Why Not You Academy, co-founded by Russell and Ciara Wilson and educational leaders, opened in 2021 at 22419 Pacific Highway S., just north of Kent. It is tuition free and funded by the Why Not You Foundation run by Wilson and Ciara. Wilson started the school when he was quarterback for the Seattle Seahawks prior to his trade in 2022 to the Denver Broncos.
With the grant – which is distributed over four years and also includes technical assistance to help facilitate collaboration and develop strategic, evidence-based solutions – the academy will partner with Washington State University, College Unbound and Girls on the Rise to help more young people across the state access the opportunities they need to design the future they want, according to a Nov. 14 news release from the Washington State Charter Schools Association.
The academy works to prepare each student for success in the real world, including through providing personalized learning plans, weekly internships and mentorship opportunities.
In the 2022-2023 school year, Why Not You Academy served a diverse group of 130 students, 90% of whom identify as BIPOC (Black, Indigenous and people of color). Among students, 51% identify as Black or African American, 26% identify as Hispanic or Latino, and 10% identify as white, according to the news release. The student body also includes significant proportions of students enrolled in special education classes and those identifying as multilingual learners at 14% and 13%, respectively.
“We are honored to be selected as a Limitless grant recipient,” said Abigail O’Neal, chief executive officer at Why Not You Academy. “This grant will allow us to strengthen our essential work of supporting students on their paths to college and career success. We are excited to partner with other organizations in King County to learn from each other and develop best practices together.”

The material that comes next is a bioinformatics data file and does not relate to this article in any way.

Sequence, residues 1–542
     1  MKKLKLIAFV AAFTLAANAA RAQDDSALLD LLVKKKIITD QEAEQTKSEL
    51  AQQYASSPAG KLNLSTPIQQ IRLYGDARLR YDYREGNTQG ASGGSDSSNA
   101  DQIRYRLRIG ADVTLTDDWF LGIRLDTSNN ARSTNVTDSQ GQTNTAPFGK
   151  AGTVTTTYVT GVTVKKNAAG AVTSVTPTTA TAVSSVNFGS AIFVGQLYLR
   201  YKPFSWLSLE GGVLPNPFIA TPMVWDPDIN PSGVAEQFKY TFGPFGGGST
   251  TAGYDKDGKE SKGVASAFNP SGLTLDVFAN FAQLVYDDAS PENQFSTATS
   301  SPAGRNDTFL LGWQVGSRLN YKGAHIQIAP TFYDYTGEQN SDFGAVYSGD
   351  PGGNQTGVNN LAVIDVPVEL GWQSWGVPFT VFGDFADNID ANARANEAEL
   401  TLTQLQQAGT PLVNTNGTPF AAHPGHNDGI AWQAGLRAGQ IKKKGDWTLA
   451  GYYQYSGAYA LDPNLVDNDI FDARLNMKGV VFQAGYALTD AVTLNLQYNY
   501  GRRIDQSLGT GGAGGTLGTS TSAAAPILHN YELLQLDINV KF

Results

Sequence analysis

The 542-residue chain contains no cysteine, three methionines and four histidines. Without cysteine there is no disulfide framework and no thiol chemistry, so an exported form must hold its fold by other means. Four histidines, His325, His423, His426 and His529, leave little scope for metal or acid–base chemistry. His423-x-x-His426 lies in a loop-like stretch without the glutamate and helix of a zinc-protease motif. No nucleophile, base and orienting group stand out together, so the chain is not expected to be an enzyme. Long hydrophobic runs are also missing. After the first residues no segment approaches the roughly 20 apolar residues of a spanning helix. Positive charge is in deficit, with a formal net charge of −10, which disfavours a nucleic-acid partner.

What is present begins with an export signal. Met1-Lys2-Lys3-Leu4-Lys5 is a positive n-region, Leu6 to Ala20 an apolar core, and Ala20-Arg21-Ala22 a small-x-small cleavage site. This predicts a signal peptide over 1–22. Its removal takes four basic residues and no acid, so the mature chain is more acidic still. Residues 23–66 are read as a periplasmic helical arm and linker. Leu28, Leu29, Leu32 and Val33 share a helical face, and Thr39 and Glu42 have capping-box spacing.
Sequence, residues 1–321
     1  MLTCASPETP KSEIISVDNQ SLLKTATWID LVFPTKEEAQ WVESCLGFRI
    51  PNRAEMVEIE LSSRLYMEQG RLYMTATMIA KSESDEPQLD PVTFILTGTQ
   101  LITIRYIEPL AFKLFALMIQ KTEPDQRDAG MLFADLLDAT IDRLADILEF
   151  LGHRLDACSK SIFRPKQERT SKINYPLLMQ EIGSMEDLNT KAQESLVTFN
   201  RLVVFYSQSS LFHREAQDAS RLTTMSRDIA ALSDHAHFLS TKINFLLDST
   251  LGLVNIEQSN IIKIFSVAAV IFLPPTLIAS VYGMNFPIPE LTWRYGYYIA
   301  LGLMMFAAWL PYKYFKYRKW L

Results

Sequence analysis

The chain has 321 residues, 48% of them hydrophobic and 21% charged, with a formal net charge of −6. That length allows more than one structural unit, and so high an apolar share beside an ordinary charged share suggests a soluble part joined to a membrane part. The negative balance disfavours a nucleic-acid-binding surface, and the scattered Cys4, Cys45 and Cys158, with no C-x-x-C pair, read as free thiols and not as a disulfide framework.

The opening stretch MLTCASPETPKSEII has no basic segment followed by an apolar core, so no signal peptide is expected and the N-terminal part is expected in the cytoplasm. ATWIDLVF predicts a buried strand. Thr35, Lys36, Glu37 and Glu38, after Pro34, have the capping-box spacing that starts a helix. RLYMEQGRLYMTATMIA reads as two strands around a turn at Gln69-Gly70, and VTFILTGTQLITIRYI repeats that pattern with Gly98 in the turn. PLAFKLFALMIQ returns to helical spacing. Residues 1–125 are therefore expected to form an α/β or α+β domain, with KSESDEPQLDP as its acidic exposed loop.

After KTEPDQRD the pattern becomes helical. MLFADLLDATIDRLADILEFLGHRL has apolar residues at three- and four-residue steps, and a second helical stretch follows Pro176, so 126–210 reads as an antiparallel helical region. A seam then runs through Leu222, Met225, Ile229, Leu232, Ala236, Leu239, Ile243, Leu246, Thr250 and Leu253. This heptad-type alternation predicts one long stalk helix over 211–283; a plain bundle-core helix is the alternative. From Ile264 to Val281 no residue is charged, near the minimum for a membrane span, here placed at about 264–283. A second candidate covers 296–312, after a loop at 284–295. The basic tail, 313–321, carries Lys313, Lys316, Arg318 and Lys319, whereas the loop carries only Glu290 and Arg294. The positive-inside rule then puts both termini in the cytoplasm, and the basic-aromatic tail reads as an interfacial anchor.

The Limitless Learning Network brings together 25 partnerships across 19 counties in Washington state who are leading the implementation of programs that support students’ transitions from high school to postsecondary education. That includes college and career readiness district directors, higher education enrollment staff, and nonprofit organizations providing advising and other college and career guidance support.
“The Limitless grant is a significant investment in the future of Washington state’s students,” said Kelly Kovacic Duran, principal at Education First. “With Limitless, we can ensure more students access the resources and support they need to succeed in colleges, careers, and beyond.”
Nearly 90% of Washington’s high schoolers say that they want to continue their education after high school, but only 50% of high school graduates today go on to enroll in postsecondary programs, including two- and four-year degrees, apprenticeships, and career certifications, according to the news release.
About charter public schools
Established by Washington state’s voters in 2012, charter public schools are free and open to all. Charter public schools operate under strict oversight from multiple state agencies, including a public charter school authorizer, the State Board of Education, the Office of Superintendent of Public Instruction, and the state auditor. Currently, 18 charter public schools serve over 5,200 students—62% of whom are students of color and 52% from low-income households.